Monday 11 July 2016

NaziSuperPeople Are Better Than You All – Küün, Rakvere

[seen 07/07/16]

Right. This review is going to involve a lot of trust. First you’ll have to trust that I’m not some sort of a Nazi, and that, yes, *of course* I take the crimes of the Third Reich seriously. Second, you also have to trust that my instincts are absolutely spot-on (which, as always, they are.) So, with all that in mind, I can tell you that Germany’s ‘Showcase Beat Le Mot’’s NaziSuperPeople Are Better Than You All – The Horror of The Ordinary is an incredibly funny 150 minute show about time-travelling Nazis.

The piece is playing in a venue simply known as “Barn”. The reasons for this name become perfectly apparent when you see the venue; it is indeed just a barn. The night I saw it the weather in Rakvere was unseasonably foul, and so the venue was accessed by a 100 yard walk across a muddy field, in the driving rain, in the dark. All of which was a perfect set-up for this post-everything piece.

The performance style is, what? “Shambolic”? “Inert”? “Laid-back to the point of horizonal”? It’s hard to say. None of that is meant as a criticism. It’s a very definite, and unexpectedly compelling/relaxing performance style. Indeed, if this piece had been made with “proper” acting, it would have been completely unbearable. Instead, the atmosphere most closely resembles something like a ramshackle wedding party, and the performances something more like a mate telling you a ridiculous story in the pub.

I would say the “narrative” owes most to maybe The Goon Show or perhaps Mighty Boosh if I thought either thing were a likely reference point for this five-strong performance group who trained at Giessen University (home of Hans-Theis Lehmann and Rimini Protokoll among others). The inclusion of Sharon Smith off of Gob Squad’s recorded voice as “She-Wolf Sharon of the SS” maybe points toward some affinities with the Volksbühne-based performance group, and the tone of Northern camp reminds me repeatedly of David Hoyle. But really it’s completely its own idiosyncratic thing.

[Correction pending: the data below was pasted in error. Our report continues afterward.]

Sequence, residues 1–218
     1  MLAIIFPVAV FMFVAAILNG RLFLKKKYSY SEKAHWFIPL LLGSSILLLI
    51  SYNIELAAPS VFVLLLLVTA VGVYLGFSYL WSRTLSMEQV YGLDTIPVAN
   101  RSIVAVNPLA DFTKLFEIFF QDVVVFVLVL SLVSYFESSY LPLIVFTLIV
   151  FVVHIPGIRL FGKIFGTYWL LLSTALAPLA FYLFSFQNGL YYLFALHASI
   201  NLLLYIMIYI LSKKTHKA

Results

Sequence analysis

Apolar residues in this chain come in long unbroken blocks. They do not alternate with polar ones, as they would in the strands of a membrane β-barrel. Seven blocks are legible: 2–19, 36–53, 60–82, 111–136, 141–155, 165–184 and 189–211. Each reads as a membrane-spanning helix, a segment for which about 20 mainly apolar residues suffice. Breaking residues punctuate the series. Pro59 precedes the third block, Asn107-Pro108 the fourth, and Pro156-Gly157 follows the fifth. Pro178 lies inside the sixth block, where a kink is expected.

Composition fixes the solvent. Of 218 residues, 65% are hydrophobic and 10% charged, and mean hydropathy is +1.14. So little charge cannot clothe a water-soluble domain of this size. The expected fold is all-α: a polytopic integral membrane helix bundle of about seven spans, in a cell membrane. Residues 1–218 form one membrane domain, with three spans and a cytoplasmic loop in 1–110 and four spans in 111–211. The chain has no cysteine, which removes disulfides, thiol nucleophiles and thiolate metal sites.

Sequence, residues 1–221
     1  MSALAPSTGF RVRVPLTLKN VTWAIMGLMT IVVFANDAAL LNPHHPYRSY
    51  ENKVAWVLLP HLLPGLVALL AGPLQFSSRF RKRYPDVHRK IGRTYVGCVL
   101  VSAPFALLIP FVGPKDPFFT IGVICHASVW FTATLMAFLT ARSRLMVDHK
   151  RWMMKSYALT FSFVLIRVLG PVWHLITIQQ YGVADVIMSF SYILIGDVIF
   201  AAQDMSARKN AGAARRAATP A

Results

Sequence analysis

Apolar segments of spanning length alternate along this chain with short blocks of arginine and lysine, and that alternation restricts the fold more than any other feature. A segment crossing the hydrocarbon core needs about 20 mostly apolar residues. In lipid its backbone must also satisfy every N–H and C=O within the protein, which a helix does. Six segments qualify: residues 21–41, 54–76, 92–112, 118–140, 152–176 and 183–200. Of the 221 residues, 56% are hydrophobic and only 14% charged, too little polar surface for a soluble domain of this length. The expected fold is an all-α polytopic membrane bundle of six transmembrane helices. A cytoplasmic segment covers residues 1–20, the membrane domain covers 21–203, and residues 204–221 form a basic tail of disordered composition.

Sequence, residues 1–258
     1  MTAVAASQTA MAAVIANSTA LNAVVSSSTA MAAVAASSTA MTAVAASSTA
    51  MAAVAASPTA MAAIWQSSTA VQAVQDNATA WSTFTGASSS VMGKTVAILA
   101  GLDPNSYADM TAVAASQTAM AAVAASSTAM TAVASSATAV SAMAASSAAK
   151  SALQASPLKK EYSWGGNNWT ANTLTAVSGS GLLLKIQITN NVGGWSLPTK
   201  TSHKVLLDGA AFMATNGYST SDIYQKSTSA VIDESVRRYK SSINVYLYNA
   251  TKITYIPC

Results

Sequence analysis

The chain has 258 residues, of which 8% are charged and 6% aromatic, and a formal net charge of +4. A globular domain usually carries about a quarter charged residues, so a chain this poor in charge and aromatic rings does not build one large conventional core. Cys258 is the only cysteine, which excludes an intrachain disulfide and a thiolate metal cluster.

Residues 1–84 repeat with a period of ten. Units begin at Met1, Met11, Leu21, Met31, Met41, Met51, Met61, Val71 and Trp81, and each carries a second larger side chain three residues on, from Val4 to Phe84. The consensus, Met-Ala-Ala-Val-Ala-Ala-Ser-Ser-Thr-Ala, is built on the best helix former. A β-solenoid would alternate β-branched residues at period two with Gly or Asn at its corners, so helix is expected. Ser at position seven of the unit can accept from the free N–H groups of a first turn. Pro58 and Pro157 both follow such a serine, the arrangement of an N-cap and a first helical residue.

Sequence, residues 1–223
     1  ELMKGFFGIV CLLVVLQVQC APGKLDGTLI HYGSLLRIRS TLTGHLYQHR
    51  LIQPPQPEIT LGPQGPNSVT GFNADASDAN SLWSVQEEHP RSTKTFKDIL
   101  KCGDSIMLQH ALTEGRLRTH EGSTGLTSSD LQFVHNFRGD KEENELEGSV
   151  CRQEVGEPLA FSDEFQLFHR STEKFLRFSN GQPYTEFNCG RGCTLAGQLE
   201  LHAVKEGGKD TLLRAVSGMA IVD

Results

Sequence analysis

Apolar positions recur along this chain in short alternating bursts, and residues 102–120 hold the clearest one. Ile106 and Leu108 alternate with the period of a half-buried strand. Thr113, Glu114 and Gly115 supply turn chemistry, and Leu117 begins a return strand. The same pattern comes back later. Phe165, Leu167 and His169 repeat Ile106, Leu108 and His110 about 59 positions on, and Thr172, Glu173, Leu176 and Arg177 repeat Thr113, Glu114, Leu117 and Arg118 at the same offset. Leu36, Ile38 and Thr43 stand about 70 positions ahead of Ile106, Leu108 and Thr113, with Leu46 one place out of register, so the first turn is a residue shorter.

So, on one level, it’s just silly, straight-faced camp fun*: our SuperNazi time-travellers go back in time to visit Caesar, Christ, the neanderthals, King Arthur, and so on, setting up the essential components of Nazism throughout history at the behest of Alfred Hitler, before returning to their own time, only to discover they’ve changed history and have to kill Adolf Hitler because he’s evil.

In a way – although you’d have to excavate pretty hard to get there – the piece is a knockabout illustration of Adorno’s point that the Enlightenment laid the foundations of Auschwitz. Indeed, the company’s blurb is adapted from Walter Benjamin’s The Destructive Character. Indeed, the more you think about the piece, the more you appreciate that the jokes are partially just window-dressing for a serious point worth making repeatedly. I wonder if the use of humour is also a partial reference to Freud. Whether perhaps exposing our desire to laugh is a device to make us think more carefully after the event about why we might want to do so.

On the other hand, the bits with Jesus especially are very funny indeed:

Nazi: Why are you so popular with the people?

Christ: Because of my magic tricks...

[Christ performs conjuring version of the Eucharist, pulling wafers from out of thin air and magicking up red wine, which is then distributed to the audience]

The Nazis then find Christ buried in his cave and revive him in their time machine, thereby effecting the resurrection... Etc.

So, yes. Blimey. Is this a review yet? I dunno. The show was good. I liked it. I think you could claim that it also had a serious intent. It didn’t actually “make light of” the actual Nazis. Instead, perhaps most usefully in Estonia, it maybe forces them to recognise their own difficult Nazi-as-anti-Soviet past. But in the current climate, with far-right on the rise once more, in Europe and the middle-East, perhaps just taking the piss out of the idea is no bad thing.

There’s perhaps an interesting coda about whether this show could exist in the UK. I think it *probably* could. Certainly in Edinburgh, but almost certainly not in an ACE-sponsored International Festival like LIFT. And, even though it’s also a thing that the Far-Right also say, maybe that is down to a climate of “fear-of-offending” on the cosmopolitan left, that puts them in the ludicrous position of actually being incapable of taking the piss out the Nazis. On the other hand, that very attitude is pretty much my own default position. Which is interesting to me.

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